"Átugrom a folyón!"

Translation:I am jumping across the river!

September 28, 2016



What's wrong with I'm jumping over the river?

September 28, 2016

  • 1018

Could someone explain why folyó requires the ´n´ at the end? I thought that ending would suggest ´jumping in´. Or, if the river is considered the direct object receiving the action, I could see it becoming folyót with the ending to show it was the object. I am officially confused (but enjoying learning such a complex language).

May 2, 2017


The n is not replacing ban-ben (in) but -on (on). When I jump across it, I have the river underneath me, so I am ON it.

Átugrom a folyón: I jump across the river (from shore to shore)

Beugrom a folyóba: I jump into the river (getting wet)

Ugrom a folyóban: I am jumping in the river (I was already in it when I started my jump)

May 22, 2017

  • 1018

That is a super helpful explanation. Thank you so much!

May 23, 2017


Why is "ugrik" in the definite conjugation here? Why not "Átugrok a folyón" instead? As far as I can tell there is no definite object.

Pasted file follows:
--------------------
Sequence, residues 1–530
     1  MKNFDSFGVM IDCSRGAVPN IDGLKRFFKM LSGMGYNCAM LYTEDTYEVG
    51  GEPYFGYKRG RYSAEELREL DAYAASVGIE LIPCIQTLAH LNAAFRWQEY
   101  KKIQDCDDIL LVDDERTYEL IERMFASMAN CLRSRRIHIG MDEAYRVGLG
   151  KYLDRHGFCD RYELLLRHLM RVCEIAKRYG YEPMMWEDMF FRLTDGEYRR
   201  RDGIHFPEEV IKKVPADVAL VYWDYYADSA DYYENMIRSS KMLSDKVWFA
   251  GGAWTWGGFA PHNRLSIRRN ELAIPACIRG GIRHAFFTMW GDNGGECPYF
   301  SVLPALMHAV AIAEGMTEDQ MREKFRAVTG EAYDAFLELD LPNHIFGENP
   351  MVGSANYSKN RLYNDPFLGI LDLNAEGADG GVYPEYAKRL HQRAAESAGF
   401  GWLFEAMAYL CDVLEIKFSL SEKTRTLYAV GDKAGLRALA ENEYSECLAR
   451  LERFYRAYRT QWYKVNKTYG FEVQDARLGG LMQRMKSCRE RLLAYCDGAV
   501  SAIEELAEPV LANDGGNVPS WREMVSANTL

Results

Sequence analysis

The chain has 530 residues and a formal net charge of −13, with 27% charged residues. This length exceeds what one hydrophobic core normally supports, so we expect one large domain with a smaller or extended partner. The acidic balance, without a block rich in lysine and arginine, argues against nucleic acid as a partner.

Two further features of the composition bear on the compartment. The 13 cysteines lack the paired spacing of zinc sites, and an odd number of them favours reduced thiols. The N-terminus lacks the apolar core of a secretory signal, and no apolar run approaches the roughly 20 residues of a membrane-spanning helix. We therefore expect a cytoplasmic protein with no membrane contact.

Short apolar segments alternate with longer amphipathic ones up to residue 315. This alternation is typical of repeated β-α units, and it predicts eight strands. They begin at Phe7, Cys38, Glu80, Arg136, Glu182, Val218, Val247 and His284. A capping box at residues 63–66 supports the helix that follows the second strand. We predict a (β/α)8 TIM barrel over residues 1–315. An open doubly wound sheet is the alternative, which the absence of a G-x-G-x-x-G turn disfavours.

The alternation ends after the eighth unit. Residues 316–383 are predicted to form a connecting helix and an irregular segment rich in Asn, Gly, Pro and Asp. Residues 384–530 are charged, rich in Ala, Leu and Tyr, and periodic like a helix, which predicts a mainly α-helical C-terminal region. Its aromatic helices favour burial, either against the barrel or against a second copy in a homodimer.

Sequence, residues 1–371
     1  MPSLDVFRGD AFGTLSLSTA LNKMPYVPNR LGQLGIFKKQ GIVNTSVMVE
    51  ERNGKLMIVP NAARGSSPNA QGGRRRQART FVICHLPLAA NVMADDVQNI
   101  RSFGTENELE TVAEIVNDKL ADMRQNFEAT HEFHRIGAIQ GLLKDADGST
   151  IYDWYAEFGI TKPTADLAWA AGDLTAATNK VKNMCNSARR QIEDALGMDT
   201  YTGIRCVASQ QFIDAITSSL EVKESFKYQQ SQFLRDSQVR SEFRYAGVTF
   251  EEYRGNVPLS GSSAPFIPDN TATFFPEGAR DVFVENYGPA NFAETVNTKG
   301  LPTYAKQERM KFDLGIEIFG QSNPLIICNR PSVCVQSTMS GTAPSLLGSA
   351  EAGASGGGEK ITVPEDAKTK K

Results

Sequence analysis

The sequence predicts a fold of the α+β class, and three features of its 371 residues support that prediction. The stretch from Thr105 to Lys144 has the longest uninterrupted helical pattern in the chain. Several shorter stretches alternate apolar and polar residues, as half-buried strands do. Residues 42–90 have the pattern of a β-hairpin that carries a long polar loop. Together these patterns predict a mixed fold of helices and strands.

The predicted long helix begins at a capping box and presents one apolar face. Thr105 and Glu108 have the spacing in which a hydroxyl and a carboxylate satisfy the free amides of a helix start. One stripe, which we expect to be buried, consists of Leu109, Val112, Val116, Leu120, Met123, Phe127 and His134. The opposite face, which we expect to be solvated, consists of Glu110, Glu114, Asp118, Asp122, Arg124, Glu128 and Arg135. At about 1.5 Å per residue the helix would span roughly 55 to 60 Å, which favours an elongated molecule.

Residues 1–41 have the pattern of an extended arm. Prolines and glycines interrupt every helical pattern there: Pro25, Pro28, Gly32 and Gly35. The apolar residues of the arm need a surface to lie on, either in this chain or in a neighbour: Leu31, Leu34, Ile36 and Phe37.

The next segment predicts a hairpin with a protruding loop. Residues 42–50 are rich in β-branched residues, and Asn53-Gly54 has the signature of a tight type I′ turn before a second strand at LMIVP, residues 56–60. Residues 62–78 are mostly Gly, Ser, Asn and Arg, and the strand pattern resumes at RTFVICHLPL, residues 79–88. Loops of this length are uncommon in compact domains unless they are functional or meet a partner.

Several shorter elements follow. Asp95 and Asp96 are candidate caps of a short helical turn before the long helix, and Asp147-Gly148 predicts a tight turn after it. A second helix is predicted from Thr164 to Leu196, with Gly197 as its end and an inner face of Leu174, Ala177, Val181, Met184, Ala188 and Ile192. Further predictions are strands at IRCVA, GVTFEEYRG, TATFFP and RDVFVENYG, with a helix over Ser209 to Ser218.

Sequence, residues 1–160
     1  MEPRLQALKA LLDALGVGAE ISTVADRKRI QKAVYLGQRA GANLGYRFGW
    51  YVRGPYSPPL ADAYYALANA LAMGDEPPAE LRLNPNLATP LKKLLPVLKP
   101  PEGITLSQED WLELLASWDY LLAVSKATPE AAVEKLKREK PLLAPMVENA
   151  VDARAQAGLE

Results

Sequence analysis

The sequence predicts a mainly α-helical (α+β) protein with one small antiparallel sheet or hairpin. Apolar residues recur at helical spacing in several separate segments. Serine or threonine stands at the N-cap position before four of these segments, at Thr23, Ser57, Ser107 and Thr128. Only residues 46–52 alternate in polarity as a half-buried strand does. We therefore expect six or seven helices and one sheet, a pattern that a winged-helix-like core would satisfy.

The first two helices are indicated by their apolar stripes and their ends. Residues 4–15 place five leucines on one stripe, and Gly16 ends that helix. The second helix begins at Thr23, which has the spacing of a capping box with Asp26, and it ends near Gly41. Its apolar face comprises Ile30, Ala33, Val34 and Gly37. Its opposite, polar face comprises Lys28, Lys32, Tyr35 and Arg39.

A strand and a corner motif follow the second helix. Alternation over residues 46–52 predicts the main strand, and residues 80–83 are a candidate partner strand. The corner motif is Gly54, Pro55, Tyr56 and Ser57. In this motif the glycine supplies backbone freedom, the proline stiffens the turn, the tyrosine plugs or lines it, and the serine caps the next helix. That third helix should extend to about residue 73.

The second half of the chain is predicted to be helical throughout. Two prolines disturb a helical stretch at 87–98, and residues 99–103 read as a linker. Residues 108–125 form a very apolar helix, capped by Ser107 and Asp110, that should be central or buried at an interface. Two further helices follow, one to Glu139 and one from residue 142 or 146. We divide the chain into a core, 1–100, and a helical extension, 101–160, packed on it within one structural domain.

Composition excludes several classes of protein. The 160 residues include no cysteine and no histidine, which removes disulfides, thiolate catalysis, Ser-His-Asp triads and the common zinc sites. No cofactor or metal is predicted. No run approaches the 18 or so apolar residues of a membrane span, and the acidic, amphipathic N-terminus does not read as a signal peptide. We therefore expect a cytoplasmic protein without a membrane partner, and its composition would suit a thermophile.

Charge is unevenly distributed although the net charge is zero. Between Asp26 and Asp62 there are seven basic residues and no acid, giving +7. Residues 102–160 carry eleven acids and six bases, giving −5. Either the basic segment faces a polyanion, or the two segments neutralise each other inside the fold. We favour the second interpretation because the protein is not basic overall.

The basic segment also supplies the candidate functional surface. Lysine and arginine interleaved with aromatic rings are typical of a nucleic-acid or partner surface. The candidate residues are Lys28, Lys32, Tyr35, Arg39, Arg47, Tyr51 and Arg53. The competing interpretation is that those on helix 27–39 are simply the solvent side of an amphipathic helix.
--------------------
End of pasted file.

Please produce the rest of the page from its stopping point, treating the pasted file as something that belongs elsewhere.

June 4, 2017


It is not in the definite. Remember, the -ik verbs conjugate with -m in the first person even in the indefinite.

July 13, 2017


Right, thank you!

July 13, 2017


is this river narrow?

March 31, 2017


is it possible "atugrom a folyo" ?

April 29, 2017


You need to add a "t" at the end of "folyó", meaning that is the subject of your action. "Átugrom a folyót". But semantically it is the same sentence.

October 23, 2017


Yes. But the -t (accusative marker) is added to indicate the object, not the subject, of the action.

October 23, 2017


How is it possible? In other explanation they said that át- preverb requires -on ending.

July 24, 2018


It's an -ikes ige. The form is not different in definite/indefinite with I. But átugrik can be transitive, although simply 'ugrik' can't. the prefix modifies the meaning.

Átugrasz a folyón - átugrod a folyót.

August 30, 2018
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